Bill Wayne's Political Pages - The Gadfly
Gadfly 155a
Submitted to the Warrensburg Gazette for September 5, 2002

The Gadfly is a series of letters offering commentary on local issues and published in the Warrensburg Gazette. This is an alternate letter onthe Ambulance District issue.

“Just the facts, ma’am.” That’s what we’ll need to evaluate who’s at fault and who needs to be sued for malfeasance of duty when somebody dies for lack of an ambulance. One thing for sure, we’re going to hear a lot of recriminations and accusations over the next 3 months as we approach the “strike date” set by the City Council for terminating its ambulance service.

A brief summary: Warrensburg and Holden took over ambulance service in 1997 when the private firm walked out. Since then, Warrensburg taxes have supported the shortfall in revenue, to the cumulative total of over $800,000. When Warrensburg and Holden decided they could no longer support the service, voters county-wide approved an ambulance district. The County Commission established subdistricts in clear violation of a state law that requires approximately equal population and of the basic concept of “equal protection of the laws.” A large number of candidates filed for most of the positions. In June, with a very low turnout, members of the board were elected, gaining between 2.48% and 7.02% of total registered voters in their subdistricts.

It became immediately obvious that a most of the board members, contrary to their statements in newspaper interviews, were committed to creating a service out of the whole cloth. There appears to have been no real consideration of asking Warrensburg to bid on continuing to operate the service under contract to the district. Consequently, no fair comparison of relative costs was made. The belief of many in the superior efficiency of a system operated with dual qualified firemen/paramedics was never tested.

Since the district would not be able to quickly create a service from scratch, alternatives for continuing service in the interim were needed. A key issue in establishing an alternative is cost risk. Risk stems from uncertainties in patient payment and unplanned maintenance for aging ambulances. The city provided a proposal that would have alleviated its financial burden by shifting risk to the ambulance board and gaining some recompense for its administrative efforts. The proposal also called for purchase of 2 ambulances and included the remaining months that the city is legally bound to provide county-wide service.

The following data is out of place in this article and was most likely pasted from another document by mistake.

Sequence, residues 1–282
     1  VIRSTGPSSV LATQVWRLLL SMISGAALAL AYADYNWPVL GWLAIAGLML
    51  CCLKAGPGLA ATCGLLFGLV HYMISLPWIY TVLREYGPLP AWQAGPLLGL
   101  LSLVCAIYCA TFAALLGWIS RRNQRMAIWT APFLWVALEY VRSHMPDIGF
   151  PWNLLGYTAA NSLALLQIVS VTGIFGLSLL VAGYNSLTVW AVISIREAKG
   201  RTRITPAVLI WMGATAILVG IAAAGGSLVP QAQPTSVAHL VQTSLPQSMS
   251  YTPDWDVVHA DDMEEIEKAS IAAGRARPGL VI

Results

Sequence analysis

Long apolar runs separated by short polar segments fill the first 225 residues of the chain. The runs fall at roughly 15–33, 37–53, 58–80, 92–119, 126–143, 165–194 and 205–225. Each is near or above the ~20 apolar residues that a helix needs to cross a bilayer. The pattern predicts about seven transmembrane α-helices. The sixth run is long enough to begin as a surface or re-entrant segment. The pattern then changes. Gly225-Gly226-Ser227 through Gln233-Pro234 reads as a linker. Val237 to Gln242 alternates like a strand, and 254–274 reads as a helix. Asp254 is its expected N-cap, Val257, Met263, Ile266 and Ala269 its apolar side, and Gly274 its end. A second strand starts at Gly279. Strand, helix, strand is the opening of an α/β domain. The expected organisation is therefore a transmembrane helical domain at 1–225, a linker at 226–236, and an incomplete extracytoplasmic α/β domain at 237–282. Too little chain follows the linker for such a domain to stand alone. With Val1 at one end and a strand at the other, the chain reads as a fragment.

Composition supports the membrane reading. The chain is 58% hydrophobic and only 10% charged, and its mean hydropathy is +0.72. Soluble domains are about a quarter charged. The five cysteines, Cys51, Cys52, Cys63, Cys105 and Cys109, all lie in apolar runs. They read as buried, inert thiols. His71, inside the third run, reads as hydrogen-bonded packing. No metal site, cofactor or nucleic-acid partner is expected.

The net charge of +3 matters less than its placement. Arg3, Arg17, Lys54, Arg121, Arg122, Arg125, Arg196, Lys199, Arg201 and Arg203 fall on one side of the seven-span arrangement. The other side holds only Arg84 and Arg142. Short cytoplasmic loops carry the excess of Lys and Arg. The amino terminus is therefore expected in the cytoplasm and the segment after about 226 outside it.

The district made a counteroffer, placing the risk on the city and covering only the period after the city’s obligation ends. The counteroffer was apparently based on discussions with Livingston County, which contracts with the city of Chillicothe. Livingston County has a population of about 14,500, of whom almost 9000 (62%) live in Chillicothe. The whole county is smaller than Warrensburg, which has over 16,000 of Johnson County’s 48,000 or so residents. The district made clear that no further negotiations were possible and that their financial priority is hiring a $60,000 per year administrator effective November 1.

Since the district’s counteroffer provided the city with no advantages and would saddle the city with the risk of additional losses above those it would otherwise have, the city voted to cut those losses and terminate the service after November 30. While the city will retain first responder capabilities within its limits, this decision essentially leaves the eastern 2/3 of the county without ambulance service until the district is ready to operate. It appears that the district is gambling that public outcry will be directed at the city and will force the city to back down and absorb the losses. The chips are people’s lives.

Recognizing that there is no constitutional right to ambulance service, the intransigent attitude of the ambulance board has forfeited any moral high ground. Had the voters of Warrensburg known what the net result would be, the district would not have passed. It is time for the ambulance board members to explain publicly why they want to run their own district despite the cost. It is time for them to publicly report on the specific research they have done – and not done. It is time for the board to recognize that they are there to serve the public and that theirs is the sole responsibility for providing ambulance service.

See also Gadfly 150 and Gadfly 147 for earlier comments.

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